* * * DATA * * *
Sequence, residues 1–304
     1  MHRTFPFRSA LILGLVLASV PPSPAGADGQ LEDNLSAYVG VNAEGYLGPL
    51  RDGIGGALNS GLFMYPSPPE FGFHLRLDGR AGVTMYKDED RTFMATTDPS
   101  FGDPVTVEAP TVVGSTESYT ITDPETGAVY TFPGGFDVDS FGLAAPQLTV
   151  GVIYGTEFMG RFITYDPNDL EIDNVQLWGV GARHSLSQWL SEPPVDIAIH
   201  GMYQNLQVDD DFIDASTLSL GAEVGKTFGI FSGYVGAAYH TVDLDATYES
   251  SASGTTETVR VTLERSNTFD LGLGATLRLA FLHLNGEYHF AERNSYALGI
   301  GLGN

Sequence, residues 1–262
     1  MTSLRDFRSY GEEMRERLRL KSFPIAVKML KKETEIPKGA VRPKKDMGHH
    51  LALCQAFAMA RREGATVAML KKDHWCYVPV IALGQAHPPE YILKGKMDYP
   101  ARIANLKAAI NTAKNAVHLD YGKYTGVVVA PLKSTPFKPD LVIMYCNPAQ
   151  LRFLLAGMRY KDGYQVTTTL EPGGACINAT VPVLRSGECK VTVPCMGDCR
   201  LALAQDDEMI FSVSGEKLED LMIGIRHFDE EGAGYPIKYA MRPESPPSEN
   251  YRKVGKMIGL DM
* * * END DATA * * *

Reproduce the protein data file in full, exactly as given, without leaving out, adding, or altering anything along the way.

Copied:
Sequence, residues 1–304
     1  MHRTFPFRSA LILGLVLASV PPSPAGADGQ LEDNLSAYVG VNAEGYLGPL
    51  RDGIGGALNS GLFMYPSPPE FGFHLRLDGR AGVTMYKDED RTFMATTDPS
   101  FGDPVTVEAP TVVGSTESYT ITDPETGAVY TFPGGFDVDS FGLAAPQLTV
   151  GVIYGTEFMG RFITYDPNDL EIDNVQLWGV GARHSLSQWL SEPPVDIAIH
   201  GMYQNLQVDD DFIDASTLSL GAEVGKTFGI FSGYVGAAYH TVDLDATYES
   251  SASGTTETVR VTLERSNTFD LGLGATLRLA FLHLNGEYHF AERNSYALGI
   301  GLGN

Sequence, residues 1–262
     1  MTSLRDFRSY GEEMRERLRL KSFPIAVKML KKETEIPKGA VRPKKDMGHH
    51  LALCQAFAMA RREGATVAML KKDHWCYVPV IALGQAHPPE YILKGKMDYP
   101  ARIANLKAAI NTAKNAVHLD YGKYTGVVVA PLKSTPFKPD LVIMYCNPAQ
   151  LRFLLAGMRY KDGYQVTTTL EPGGACINAT VPVLRSGECK VTVPCMGDCR
   201  LALAQDDEMI FSVSGEKLED LMIGIRHFDE EGAGYPIKYA MRPESPPSEN
   251  YRKVGKMIGL DM